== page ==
Ultimately, the program aims to generate recommendations ready for further development or implementation consistent with regional planning goals.
Further information on the program and studies underway or recently completed is on the subregional studies page of the NJTPA website.

Study Explores Climate Impacts and Responses in Passaic River Basin

Posted: 7/26/2019 2:01:17 PM

Cover of the Passaic River Basin studyThe chronic flooding in the Passaic River Basin, home to some 2.5 million people, is likely to get worse as a result of climate change, raising serious threats to homes, businesses and the area’s heavily used transportation system.  That is a key conclusion of a major study sponsored by the NJTPA which sought to assess the threats and find solutions.
Encompassing parts of eight New Jersey counties and extending into New York State, the basin is centered on the Passaic River and its tributaries. Since 1900, at least 26 lives have been lost in floods in the basin, with property losses of $5.5 billion. An April 2007 flood resulted in over 5,000 people being evacuated and major storms in recent years have also taken their toll.
The Passaic River Basin Climate Resilience Planning Study projected the occurrence of extreme heat events and extreme precipitation events for two horizon years: 2045 and 2080.  The projections found that areas adjacent to the region’s waterways — already prone to flooding — could face more frequent and more severe storms. In 2045, the annual chance of a storm  producing 9.1 inches of precipitation over 4 days is approximately twice as likely as today.  This, coupled with continued development in the areas, the report says, “increases the likelihood of future property losses, threatens the economic stability of communities, and puts public health and safety at risk.”
At least 10 percent of the 3,245 transportation assets evaluated in the basin were determined to be “highly vulnerable to existing and future heat and/or floods events.”  This includes bridges, culverts, rail, roads including bus routes, and transit rolling stock.
In consultation with a technical advisory committee, which included representatives of the eight area counties and state agencies, 71 adaptation strategies were developed to safeguard infrastructure and address the threats. Among the recommendations was to, “Use the vulnerability assessment findings in current and future planning and design studies to inform the siting of new infrastructure and updates and improvements to existing infrastructure.”  Further data collection, modeling and regionwide coordination were also called for.
The final report and several appendices are available for download at the NJTPA website.

Professor Myron Orfield Calls for Action on Racial Diversity in NJ Suburbs

Posted: 7/17/2019 9:41:53 AM

New Jersey has made great progress in realizing racial diversity in its suburbs in the last two decades, but dozens of communities face the threat of resegregation due to ongoing discrimination and disinvestment, according to Myron Orfield, Director of the Institute on Metropolitan Opportunity at the University of Minnesota Law School. Orfield highlighted these trends in a presentation to the NJTPA Board on July 8.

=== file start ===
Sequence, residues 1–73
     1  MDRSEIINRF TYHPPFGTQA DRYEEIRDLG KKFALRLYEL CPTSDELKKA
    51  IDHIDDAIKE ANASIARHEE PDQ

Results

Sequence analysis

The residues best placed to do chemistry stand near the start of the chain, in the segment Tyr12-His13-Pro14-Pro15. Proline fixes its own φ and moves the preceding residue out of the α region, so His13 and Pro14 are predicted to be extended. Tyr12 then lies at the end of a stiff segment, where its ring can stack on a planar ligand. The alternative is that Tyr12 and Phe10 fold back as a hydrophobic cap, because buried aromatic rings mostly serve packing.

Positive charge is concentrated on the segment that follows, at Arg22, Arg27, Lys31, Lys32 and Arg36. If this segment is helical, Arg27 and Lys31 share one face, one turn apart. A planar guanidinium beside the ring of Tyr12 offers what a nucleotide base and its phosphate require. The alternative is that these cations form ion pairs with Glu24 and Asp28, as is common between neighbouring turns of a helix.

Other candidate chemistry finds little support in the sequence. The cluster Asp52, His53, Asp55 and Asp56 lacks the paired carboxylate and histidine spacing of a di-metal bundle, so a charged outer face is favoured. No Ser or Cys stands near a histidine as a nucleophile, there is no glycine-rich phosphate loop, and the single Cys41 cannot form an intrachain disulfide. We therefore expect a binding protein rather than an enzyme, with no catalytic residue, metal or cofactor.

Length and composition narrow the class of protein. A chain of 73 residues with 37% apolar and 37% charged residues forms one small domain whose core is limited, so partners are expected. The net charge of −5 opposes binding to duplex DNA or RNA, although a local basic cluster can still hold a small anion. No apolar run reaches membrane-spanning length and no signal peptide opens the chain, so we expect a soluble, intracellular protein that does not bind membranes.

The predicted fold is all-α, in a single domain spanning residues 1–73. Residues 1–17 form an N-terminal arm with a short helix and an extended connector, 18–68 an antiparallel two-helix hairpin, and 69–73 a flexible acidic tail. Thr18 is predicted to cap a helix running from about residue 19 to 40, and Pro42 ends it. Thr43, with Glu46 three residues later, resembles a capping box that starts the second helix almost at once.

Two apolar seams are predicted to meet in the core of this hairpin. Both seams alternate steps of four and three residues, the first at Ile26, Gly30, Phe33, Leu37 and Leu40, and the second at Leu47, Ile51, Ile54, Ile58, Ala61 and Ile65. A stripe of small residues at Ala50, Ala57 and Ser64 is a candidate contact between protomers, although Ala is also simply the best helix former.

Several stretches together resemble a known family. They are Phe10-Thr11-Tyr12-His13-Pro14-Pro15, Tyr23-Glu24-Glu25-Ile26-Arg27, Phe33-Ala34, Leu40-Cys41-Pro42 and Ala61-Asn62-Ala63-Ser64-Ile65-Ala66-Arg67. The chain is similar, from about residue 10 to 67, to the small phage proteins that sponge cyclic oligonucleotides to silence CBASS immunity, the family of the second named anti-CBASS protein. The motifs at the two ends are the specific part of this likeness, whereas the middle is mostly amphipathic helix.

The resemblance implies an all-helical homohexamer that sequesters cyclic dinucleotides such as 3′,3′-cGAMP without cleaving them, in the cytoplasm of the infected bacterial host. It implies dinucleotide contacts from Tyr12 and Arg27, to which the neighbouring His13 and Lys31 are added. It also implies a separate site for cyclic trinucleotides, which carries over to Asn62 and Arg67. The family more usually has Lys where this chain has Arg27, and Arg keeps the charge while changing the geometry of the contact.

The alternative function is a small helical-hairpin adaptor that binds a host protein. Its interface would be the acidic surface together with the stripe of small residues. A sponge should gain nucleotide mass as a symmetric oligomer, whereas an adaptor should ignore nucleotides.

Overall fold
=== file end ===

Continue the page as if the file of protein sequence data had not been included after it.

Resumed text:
His presentation, “The Challenges and Opportunities of Growing Racial Diversity in the Suburbs of Northern New Jersey,” was part of NJTPA’s ongoing series of speakers, forums and events in preparation for updating its long range transportation plan from 2045 to 2050.
Communities that are racially diverse (where minorities compose 20 to 60 percent of the population) have better school achievement, more upward mobility and more positive attitudes about racial differences, Orfield said.  Nationwide, such communities are growing.  By 2040, he said, the nation will be fully multi-racial, with no race having a majority.
In New Jersey, diversity has grown dramatically.  In 2000, 41 percent of the state’s population lived in predominately white suburbs.  That number dropped to 17 percent in 2017. 
Despite the progress, he said, suburban areas tend not to stay integrated for long.  New Jersey leads the nation in the rate at which suburban communities are losing their diversity, as whites shift to “whiter enclaves” In other suburbs or center cities. 
The reason he says is “relentless driving discrimination,” in which some real estate brokers steer buyers to areas based on race, some mortgage lenders hamper minority homeownership and zoning policies undermine affordable housing. The result are communities that lose their “tax capacity” and suffer declining schools along with their ability to attract and retain residents and businesses.
Unless the situation is addressed, said Orfield, once thriving suburbs will become “disinvested places” that developers and investors will “write off” for future projects.
One of the key solutions is affordable housing.  New Jersey’s Mt. Laurel court decision, which required each town to build an equitable share of affordable housing, was not fully implemented in the state.  But it has become the model, he said, for at least 10 other states, such as Minnesota, Washington and Oregon, that are stabilizing diversity through affordable housing. 
Creating networks of magnet schools in and around cities such as Louisville based on a metropolitan-wide approach to governance, he said, has also helped counteract resegregation. 
He predicted that emerging court challenges to school segregation in New Jersey will soon lead to other opportunities for the state to foster diversity. The state, he said, must rise to the challenge. “It’s a hard thing to work on but important thing in a multi-racial, metropolitan nation.”
View the video of his presentation above.  Presentation slides can be downloaded here.